|previous article in this issue||next article in this issue|
Document Details :
Title: The Biblical Scholarship of a Fourth-Century Woman
Subtitle: Marcella of Rome
Author(s): GRAVES, Michael
Journal: Ephemerides Theologicae Lovanienses
Volume: 87 Issue: 4 Date: 2011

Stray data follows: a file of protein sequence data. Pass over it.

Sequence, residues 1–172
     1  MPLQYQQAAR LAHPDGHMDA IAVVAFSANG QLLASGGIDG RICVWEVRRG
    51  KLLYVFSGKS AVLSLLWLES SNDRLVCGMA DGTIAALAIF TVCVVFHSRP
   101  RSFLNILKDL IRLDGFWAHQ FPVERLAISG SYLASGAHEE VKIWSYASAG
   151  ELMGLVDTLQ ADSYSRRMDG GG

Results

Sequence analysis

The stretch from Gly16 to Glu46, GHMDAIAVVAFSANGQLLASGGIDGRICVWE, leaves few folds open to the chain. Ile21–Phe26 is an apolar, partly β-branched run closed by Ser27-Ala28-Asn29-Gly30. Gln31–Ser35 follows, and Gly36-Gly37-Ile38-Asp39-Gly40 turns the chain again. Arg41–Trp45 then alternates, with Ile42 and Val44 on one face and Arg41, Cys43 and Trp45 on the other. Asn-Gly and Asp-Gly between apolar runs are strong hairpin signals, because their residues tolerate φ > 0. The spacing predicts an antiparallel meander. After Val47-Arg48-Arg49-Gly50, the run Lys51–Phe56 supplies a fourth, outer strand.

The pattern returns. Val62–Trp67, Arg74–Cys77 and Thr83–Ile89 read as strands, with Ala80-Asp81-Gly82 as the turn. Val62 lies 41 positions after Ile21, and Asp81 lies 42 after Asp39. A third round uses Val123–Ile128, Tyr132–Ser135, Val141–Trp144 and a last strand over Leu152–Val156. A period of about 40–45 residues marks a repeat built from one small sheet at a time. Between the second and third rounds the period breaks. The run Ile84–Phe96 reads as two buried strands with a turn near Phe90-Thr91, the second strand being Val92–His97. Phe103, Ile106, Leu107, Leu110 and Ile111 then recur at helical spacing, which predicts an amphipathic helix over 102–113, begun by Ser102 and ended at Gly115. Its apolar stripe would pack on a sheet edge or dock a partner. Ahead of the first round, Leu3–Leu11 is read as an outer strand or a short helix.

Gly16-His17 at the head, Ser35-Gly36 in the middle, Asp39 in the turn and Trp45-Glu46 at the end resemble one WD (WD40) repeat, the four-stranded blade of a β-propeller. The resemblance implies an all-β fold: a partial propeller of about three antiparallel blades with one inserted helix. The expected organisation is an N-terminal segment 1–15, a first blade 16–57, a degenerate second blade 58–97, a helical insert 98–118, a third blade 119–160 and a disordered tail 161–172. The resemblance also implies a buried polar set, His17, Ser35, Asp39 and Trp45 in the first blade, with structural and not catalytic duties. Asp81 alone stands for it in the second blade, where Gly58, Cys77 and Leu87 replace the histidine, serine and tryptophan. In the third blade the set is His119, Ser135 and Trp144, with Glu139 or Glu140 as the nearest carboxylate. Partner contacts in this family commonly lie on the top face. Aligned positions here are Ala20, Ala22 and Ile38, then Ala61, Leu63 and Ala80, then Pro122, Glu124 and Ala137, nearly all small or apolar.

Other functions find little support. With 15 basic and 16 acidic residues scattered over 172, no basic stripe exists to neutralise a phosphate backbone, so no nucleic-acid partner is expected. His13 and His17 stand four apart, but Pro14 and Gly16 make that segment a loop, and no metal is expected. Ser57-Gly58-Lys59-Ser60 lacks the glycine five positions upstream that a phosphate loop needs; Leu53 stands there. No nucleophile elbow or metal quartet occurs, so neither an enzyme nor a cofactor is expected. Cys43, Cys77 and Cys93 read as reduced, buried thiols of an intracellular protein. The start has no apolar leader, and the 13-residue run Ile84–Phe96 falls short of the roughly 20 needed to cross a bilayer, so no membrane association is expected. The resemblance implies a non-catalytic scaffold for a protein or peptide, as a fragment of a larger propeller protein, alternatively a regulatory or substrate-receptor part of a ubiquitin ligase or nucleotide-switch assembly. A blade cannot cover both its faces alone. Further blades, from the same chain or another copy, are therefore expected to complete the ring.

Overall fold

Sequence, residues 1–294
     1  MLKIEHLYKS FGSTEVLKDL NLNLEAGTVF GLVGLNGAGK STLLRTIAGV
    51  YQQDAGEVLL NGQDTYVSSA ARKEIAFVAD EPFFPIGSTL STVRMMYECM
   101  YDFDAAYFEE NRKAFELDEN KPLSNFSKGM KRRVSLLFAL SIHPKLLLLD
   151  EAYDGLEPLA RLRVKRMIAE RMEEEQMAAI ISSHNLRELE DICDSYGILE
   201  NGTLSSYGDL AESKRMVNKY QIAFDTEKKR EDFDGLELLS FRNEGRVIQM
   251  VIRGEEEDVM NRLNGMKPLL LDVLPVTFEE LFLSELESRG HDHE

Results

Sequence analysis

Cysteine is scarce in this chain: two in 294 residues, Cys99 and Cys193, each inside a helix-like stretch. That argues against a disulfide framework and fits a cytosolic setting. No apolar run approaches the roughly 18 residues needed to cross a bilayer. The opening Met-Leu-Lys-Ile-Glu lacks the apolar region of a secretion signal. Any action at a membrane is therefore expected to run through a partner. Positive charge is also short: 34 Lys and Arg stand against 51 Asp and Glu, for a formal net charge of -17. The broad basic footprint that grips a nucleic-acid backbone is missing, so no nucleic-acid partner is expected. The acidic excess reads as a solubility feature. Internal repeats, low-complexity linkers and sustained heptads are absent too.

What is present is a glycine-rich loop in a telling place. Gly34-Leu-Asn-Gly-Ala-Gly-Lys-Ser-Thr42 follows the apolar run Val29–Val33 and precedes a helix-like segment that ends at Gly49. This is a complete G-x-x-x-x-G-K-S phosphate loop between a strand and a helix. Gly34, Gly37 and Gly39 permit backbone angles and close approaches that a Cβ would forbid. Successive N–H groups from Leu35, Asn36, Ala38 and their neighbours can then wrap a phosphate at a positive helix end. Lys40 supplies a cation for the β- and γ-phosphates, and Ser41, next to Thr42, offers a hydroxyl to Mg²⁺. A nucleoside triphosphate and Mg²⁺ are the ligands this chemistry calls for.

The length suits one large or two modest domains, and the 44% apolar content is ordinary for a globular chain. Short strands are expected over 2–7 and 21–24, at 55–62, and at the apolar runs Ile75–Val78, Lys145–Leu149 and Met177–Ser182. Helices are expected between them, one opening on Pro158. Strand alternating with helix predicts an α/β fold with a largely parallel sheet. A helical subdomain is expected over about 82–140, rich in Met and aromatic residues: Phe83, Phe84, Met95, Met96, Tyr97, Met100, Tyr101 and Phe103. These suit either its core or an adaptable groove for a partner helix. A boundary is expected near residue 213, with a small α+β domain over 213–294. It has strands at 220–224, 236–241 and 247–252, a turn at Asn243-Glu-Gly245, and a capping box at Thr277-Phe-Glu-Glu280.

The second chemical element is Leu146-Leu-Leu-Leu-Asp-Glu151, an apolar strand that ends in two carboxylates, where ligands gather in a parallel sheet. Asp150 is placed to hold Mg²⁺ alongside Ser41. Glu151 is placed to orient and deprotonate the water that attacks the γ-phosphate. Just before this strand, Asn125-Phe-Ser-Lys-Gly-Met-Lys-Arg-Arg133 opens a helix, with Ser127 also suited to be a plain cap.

Marcella of Rome, a leader among ascetic women in the late fourth century, showed intense interest in biblical scholarship and Hebrew. Marcella was drawn to passages and interpretations of Scripture that promoted moral and religious severity, and she exhibited a deep fascination with the language of Scripture. It is suggested that the same rigorous piety that motivated Marcella’s devotion to asceticism also inspired her interest in biblical philology. The virtues of the grammaticus in late antiquity included diligence and modesty, and Marcella may have seen herself as a Christian grammatica engaged in the hard labor of scriptural study. Marcella emerges in Jerome’s letters as assertive and involved in public life, which are qualities that Jerome elsewhere denounces in women; this suggests that the Marcella presented by Jerome reflects her genuine personality, and not just a construct of Jerome. Still, Jerome published his letters to Marcella in spite of these 'active' qualities, because he approved of her asceticism, zeal for the study of Scripture, and opposition to Origenism.